It turns out that Gran’s ruthlessness in furthering the family fortunes meant that she forced arranged marriages on her children. As skeletons rattle out of the closet, even she is not immune to the embarrassment of past misdemeanours coming to light.
Gentrification – Chinese-style
The dynamic tension of the Duan-Zue clan mirrors China as it enters the modern era. The fictional protagonists navigate the distinct social and economic peregrinations of where they live; with the neighbourhood playing a central role. The narrative is littered with references to limousines, hostesses, brothels, the County Party Committee, new apartment blocks, the single-child policy, Chinese Mandarin vs. Sichuan dialect, and other tidbits affording insights into Chinese life – as well as food glorious food! I felt increasingly hungry as I read: Sichuan cuisine is delicious, hot and spicy.
“There were no dirt roads left in Pingle Town, and you didn’t see many telegraph poles either. In 2000, or 2001, the powers-that-be got some mad idea into their heads that the town needed a facelift. Up went the stepladders, and the buckets of paint, and all the buildings on, and off; the four main roads were covered in white paint. They looked like they’d been plastered with stage make-up. After that, the stalls and pushcarts were driven out: the purveyors of cold dressed rabbit, chilli turnips and spring rolls, Sichuan eggy pancakes, riceflour shortbread and griddled buns filled with brown sugar, even the scissor-menders and knife-grinders, were all swept ruthlessly from the face of the town. All those old faces so familiar from his childhood just vanished. The few souls that remained retreated into their shells like tortoises and made do with shopfronts as narrow as the gap between your front teeth.”
A curse of capitalism the world over is the homogenising effect of gentrification: towns and neighbourhoods that are cleaned up means that the eccentrics, creatives and impoverished misfits are swept away out of sight and out of mind. This is a global phenomenon: from Ladbroke Grove W10 to The Marais in Paris and the Lower East Side in Manhattan – as in a small town near Chengdu, the capital of China’s Sichuan province, Money makes the world go around . . .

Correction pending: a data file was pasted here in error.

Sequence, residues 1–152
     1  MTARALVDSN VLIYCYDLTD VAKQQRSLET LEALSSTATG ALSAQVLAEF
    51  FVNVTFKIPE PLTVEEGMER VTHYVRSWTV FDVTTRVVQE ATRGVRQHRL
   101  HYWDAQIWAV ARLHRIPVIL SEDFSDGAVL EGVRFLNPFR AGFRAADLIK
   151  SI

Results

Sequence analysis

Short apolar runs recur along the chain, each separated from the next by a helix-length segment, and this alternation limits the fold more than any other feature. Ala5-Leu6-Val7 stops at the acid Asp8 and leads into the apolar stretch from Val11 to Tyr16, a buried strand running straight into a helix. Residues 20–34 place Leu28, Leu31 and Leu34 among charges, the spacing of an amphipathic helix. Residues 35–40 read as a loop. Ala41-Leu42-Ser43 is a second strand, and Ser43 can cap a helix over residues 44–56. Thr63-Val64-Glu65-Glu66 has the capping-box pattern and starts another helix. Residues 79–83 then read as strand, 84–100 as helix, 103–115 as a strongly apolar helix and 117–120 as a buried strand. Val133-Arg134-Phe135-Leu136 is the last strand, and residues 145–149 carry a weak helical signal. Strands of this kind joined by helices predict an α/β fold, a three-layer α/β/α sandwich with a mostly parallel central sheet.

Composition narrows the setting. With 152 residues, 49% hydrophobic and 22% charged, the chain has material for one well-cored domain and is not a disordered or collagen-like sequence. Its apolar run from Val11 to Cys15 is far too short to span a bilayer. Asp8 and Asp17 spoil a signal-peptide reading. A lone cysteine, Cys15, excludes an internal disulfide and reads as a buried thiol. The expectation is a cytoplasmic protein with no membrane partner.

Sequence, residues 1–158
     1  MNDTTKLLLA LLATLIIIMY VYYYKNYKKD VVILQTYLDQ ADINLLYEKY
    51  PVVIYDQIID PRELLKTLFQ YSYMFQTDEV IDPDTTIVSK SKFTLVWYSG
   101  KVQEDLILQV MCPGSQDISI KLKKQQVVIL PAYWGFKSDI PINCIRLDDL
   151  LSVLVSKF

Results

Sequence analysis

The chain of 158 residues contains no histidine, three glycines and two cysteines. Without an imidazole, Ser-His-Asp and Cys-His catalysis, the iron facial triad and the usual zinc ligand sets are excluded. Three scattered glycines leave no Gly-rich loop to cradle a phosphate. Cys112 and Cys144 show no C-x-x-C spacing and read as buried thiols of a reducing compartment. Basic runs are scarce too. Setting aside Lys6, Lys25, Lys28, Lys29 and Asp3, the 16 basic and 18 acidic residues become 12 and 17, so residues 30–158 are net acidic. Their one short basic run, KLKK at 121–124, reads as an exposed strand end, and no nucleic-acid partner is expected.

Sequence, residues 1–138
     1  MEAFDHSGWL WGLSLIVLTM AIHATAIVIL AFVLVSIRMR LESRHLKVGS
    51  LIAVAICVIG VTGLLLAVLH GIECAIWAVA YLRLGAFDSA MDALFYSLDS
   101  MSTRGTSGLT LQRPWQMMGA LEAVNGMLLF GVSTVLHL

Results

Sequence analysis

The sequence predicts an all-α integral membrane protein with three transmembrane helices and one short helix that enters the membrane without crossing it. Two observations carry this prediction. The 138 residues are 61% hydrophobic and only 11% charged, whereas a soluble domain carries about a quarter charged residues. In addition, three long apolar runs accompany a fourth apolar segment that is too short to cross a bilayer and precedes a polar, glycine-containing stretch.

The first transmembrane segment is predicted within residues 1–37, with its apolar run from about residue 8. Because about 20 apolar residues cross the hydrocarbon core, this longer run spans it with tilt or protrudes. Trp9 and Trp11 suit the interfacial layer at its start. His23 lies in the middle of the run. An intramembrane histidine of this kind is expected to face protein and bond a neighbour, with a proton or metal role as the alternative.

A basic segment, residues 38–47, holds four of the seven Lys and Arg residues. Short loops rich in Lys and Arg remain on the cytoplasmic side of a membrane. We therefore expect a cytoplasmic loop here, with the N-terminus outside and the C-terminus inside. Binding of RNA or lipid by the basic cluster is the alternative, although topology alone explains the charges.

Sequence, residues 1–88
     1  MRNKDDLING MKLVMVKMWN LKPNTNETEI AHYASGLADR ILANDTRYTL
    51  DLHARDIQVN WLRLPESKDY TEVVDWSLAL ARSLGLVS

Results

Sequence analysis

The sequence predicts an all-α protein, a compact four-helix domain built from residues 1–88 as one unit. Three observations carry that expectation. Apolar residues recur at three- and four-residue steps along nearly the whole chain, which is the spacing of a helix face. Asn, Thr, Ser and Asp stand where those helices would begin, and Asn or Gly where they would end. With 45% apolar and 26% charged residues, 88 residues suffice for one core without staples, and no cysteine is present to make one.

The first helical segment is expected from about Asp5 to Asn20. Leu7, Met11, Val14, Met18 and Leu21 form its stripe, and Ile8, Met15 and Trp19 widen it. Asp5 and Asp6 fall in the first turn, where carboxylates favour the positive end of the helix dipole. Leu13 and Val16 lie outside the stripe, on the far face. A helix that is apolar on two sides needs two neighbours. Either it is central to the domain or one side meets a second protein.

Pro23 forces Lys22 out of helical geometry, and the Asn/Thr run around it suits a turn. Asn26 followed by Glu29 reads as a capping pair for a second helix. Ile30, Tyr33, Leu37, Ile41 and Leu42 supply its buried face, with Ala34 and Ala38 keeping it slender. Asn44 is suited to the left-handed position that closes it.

Nicky Harman’s dignified, pacey, idiomatic translation featuring colloquialisms and colourful insults radiates erudite energy, drawing the reader into a world of muddle and intrigue, blending farce and nostalgia.
Yan Ge was a Chinese literary sensation age seventeen, and has twelve young adult books to her name. She is one of the most exciting writers to emerge from contemporary China. The Chilli Bean Paste Clan is one of a trilogy of adult fiction: what will happen next in Pingle Town, Sichuan Province?
The Chilli Bean Paste Clan by Yan Ge, translated by Nicky Harman | Balestser Press 13.99GBP 18.99 USD trade paperback 270pp | ISBN 978 1 911221227 | Winner English PEN award
“When has anyone official in this country ever told the truth? I’ve been alive for nearly eighty years and I’ve never seen it. Not once. There are people missing . . .”
We know about how Fidel and Raúl Castro Ruz overthrew the dictator Fulgencio Batista during the 1953–59 Cuban Revolution, and that Cuba became a communist thorn in the side of America under the leadership of Fidel Castro, Moscow’s communist ally in the United States’ back yard. But what was it like living day-by-day through the revolution, that moment in time when history altered its course?